It’s no secret that agriculture is a risky business, but when we hear the term “risk management,” we typically think of using futures, options or other tools to manage the risk of lower prices for cattle or higher prices for inputs such as feed.
Those types of risk management are important, but beef producers face a long list of other risks, from weather, disease, missed opportunities or wrong decisions. Fortunately, while we can’t eliminate all these risks, we can manage them with planning and informed decision making in everyday management. Long-term goals and investments are good, but during a time of economic crisis you might need to focus more on short-term returns. Spending money on parasite control for example, which can directly increase the pay-weight or your calves, probably is a better choice than buying a new tractor.
Measure and plan
Start with a marketing plan, says Iowa State University Extension livestock specialist Shane Ellis, PhD. Part of that marketing plan involves measuring and knowing your costs, in order to calculate breakeven sale prices and evaluate different marketing options.
A good understanding of production costs also allows evaluation and management of those costs, Ellis says. Develop a priority list, and scrutinize each cost to determine which are necessary, which are not and which might be necessary eventually but you could put off.
Once you know your production costs and establish a breakeven benchmark, Ellis says the next step is to assess your level of risk tolerance. If you fear a downturn in the market before your cattle are ready for market, consider your options for managing that price risk.
Ellis says several methods of forward pricing can help you limit risk and “strike when the iron is hot,” by locking in a profit when the market offers it. Forward contracts and futures market hedges will lock in a price, he says, and are the best protection from decline in the market. If you just want to set a price floor with the opportunity to profit from a market upturn, purchasing put options or price insurance from your insurance agent may be the best choice.
While various types of forward pricing can protect you against swings in market prices, your profitability still depends on the pounds of calves and quality of calves you deliver on sale day.
Dave Dargatz is a veterinarian with the USDA/APHIS Veterinary Services, who coordinates the beef activities of the National Animal Health Monitoring System. He reminds producers that some of the greatest risks they face can be related to animal health. Fortunately, these are risks we can manage, but when margins are tight, producers sometimes cut back. In the 1997 NAHMS cow-calf survey, 14.1 percent of producers indicated they reduced veterinary services and 7.7 percent used less herd medications in response to low calf prices in 1996. Parasite control, for example, plays a critical role in production efficiency. A recent Iowa State University economic analysis of pharmaceutical technologies in beef production concluded that neglecting to use dewormers increases breakeven costs in cow-calf operations by an average of 34 percent, or $165 per head. The analysis notes that numerous studies demonstrate that deworming improves pregnancy rates, weaning weights and weaning rates, all critical for profitability.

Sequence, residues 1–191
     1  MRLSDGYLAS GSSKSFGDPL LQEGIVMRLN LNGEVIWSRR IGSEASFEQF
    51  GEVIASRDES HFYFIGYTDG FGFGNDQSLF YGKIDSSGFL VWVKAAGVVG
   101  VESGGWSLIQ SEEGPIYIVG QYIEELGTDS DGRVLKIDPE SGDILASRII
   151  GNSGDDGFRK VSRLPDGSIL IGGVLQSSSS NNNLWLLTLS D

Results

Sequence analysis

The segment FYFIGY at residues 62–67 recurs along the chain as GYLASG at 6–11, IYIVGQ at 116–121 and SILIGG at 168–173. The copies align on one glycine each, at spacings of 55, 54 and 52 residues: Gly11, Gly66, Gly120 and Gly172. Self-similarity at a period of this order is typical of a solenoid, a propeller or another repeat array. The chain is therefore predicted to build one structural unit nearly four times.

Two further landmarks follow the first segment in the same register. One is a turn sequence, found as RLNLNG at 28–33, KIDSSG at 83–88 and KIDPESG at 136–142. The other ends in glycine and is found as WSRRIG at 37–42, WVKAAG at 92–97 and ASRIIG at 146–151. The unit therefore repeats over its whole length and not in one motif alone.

Biosecurity is a key consideration in managing risk of introduction of diseases such as bovine viral diarrhea. “This is not the time to be bringing new females into a herd without knowing quite a lot about the source herd or testing and having a suitable quarantine program for new additions,” Dargatz says. BVD is of particular concern, as introduction of a persistently infected animal can have serious consequences, including reproductive failure and calf morbidity and mortality. And yet, results of the 2007 NAHMS beef study show that 34 percent of operations had brought new cattle into the operation during the previous 12 months, and of those, just 33 percent quarantined any of those animals before introducing them into the herd.
The level of BVD risk can vary considerably between operations, influencing decisions on the most cost-effective control strategies. Kansas State University specialists have developed an online tool to help producers assess their risk and plan cost-effective measures to prevent and control the disease. Check the sidebar for links to this and other BVD resources.
Reputation and verification continue to play significant roles in the prices producers receive for their calves, says Steve Swigert, an economic consultant with The Samuel Roberts Noble Foundation in Oklahoma. Producers who put together a package that will perform in the feedyard — meaning good genetics and documentation of a sound health program — find more bidders at auction. Swigert says in today’s market producers with quality, process-verified cattle may not earn significant premiums, but they minimize their risk of discounts at sale time.
Research bears this out. In a recent study of price trends at Iowa sale barns, calves with certified vaccination claims and weaned at least 30 days averaged $6.15 per hundredweight over the base. Calves with the seller’s uncertified claims for similar weaning programs received $3.40 per hundredweight more than the base. Holding calves beyond weaning results in more weight to sell but also additional expenses. The researchers compared prices for a 500-pound calf sold at weaning versus a 600-pound calf sold 45 days later. Subtracting the preconditioning cost from the gross value difference left a $35.45 per head advantage to preconditioned calves.
Find a new marketing window